One of the most extraordinary things Turing accomplished was breaking naval enigma. He did this by using a statistical technique called Banburismus (commonly known as sequential analysis). This technique helped reduce the number of settings Enigma needed to decode the German messages, making it faster than what their Polish counterparts had achieved.

Where previously it had taken weeks to now only took a matter of days and sometimes hours to decrypt them.

However his accomplishments also influenced the war in another way, in what is known as Colossus.

The Colossus Computer.

Colossus was the first digital computer that was programmable (in what has been named the first generation of modern computers). It was developed for British Code breakers during WWII. It was designed by British engineer Tommy Flowers.

Tommy Flowers.jpg
Tommy Flowers
In 1941 Turing and Flowers came together as he wanted Flowers to help build a decoder for the machine Turing had designed that broke the German messages faster. However this failed, but later on Flowers designed Colossus. Though Turing did not design it with him, Alan's use of probability in cryptoanalysis contributed to the computer's design.

Colossus Computer

Due to this invention by Flowers and contribution from Turing's previous statistical techniques, the Colossus computer was vital to the allies cause. Without this they would have been deprived of crucial military intelligence that contained encrypted high level messages of the German's army commands in Europe.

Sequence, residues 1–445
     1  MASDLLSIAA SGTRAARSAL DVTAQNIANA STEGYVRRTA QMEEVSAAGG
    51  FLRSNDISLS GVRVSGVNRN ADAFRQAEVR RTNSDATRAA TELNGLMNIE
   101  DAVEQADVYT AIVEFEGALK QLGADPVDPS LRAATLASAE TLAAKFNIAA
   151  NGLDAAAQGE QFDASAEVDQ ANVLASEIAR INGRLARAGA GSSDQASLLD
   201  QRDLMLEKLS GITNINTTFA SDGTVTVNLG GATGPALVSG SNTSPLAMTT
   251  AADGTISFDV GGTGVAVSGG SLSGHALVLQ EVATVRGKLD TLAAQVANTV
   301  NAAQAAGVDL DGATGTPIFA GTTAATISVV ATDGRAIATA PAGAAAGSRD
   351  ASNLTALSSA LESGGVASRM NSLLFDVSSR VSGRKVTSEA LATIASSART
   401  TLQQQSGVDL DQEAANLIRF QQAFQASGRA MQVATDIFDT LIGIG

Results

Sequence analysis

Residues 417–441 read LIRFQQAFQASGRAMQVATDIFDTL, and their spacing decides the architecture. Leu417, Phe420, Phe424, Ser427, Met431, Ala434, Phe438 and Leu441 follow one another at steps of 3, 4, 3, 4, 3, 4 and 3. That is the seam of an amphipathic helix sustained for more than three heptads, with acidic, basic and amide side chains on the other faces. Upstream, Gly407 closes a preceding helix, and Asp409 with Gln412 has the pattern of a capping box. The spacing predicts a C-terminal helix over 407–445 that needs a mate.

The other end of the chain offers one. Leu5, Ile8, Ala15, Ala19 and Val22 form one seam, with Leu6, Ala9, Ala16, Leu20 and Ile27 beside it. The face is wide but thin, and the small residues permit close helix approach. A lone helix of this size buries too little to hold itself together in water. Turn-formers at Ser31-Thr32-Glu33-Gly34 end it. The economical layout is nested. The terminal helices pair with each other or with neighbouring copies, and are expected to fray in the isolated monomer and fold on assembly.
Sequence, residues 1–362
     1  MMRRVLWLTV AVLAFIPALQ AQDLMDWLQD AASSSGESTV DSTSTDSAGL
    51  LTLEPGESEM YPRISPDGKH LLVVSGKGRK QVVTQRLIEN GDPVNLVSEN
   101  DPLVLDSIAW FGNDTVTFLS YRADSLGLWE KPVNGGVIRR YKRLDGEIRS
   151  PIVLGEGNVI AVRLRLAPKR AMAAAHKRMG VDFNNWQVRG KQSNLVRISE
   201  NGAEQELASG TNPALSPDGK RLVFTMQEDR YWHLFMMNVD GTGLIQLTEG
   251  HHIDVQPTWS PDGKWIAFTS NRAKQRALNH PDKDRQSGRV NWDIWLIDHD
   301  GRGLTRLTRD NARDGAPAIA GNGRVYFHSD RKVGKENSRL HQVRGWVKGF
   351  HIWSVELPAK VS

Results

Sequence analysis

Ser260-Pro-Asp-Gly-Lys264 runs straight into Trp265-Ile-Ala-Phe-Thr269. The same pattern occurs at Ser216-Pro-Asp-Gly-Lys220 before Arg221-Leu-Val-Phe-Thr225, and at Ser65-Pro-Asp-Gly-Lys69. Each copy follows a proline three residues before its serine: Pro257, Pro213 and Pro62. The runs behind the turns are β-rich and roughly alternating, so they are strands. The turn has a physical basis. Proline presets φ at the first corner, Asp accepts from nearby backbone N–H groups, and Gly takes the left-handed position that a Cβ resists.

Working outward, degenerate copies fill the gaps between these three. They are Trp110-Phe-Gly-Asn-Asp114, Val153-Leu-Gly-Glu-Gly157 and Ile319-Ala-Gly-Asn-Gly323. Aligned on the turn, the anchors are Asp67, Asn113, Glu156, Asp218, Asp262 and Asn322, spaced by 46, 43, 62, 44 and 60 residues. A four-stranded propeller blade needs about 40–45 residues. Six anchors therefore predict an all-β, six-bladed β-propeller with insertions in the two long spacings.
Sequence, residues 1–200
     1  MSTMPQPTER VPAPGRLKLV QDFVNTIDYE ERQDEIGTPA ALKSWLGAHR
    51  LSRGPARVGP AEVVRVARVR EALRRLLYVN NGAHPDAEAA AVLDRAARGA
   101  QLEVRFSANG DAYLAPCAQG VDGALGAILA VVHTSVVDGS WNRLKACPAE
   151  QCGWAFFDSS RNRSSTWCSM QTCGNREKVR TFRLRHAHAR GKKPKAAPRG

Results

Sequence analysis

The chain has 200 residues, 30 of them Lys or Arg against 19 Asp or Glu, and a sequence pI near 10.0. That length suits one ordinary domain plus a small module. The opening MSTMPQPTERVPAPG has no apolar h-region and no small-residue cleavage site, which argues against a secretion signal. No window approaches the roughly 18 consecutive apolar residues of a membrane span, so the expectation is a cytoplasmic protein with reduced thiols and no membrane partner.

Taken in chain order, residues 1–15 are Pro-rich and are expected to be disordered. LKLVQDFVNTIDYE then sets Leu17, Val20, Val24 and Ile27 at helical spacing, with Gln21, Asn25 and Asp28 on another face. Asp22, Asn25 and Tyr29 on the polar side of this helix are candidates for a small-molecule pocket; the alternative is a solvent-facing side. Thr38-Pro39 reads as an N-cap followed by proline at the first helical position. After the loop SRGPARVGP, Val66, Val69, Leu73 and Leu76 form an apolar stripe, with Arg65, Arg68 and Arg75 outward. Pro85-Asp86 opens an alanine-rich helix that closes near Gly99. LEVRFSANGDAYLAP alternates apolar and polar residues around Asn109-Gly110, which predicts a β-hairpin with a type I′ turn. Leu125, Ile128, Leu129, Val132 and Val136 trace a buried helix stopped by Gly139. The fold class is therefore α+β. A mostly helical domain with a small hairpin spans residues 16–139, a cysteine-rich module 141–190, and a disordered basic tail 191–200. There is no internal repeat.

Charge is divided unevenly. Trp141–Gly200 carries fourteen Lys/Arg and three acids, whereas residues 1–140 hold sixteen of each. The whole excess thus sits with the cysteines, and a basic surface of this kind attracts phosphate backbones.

Due to these five engineers, the Polish M. Rejewski, J. Rozycki and H. Zyagalski for first breaking the enigma code. Then the British, Alan Turing and Tommy Flowers, for decoding the messages faster and more efficiently with the cracking of naval Enigma and inventions like the Colossus. The war was shortened and many lives saved.  

It also led the way for what we know as first generation of the modern computer continuing on to make new and improved computers like laptops and such.

Put simply as Simon said to me without them I would not be able to write this blog about them! Oh the irony!

These five individuals accomplishments in History are astounding and as such for me needed to be written about.

If you'd like to find out more about these individuals, you can click on the links here

Alan Turing,  Tommy Flowers Henryk ZygalskiMarian Rejewski,  Jerzy Rozycki

So lets pull ourselves out of the distant past to the more present future and talk about the Enigma Machine today.

Enigma Machine Today.

It wasn't until the 1970's when the story of how Enigma was broken came to light. Since then interest has grown with Enigmas now in the hands of history enthusiasts (I've got to get me one of those!) and private collectors.

There are also display of different Enigmas in museums all around the world. For example Wikipedia cites the National Cryptologic Museum in Maryland, USA.

File:US M1 enigma analog 3.jpg
An Enigma Machine at the NCM in Maryland, USA.

They are also exhibited at the Science Museum in London and Bletchley Park itself where Simon himself has been to back in 2009!

Bletchley Park 
Naval M4 Model 

Thanks for letting me use the pictures mate!

Enigma machines are also sold at auction occasionally and Wikipedia states "Replicas are available in various forms an exact reconstructed copy of the Naval M4 model!"

So the Enigma machine has had a long and interesting history that led to the shortening of the war and was the stepping stone to the first modern computer due to the minds of the men mentioned in this blog! Hope you enjoyed reading!

This is Jamie warping off into the unknown! Punch it!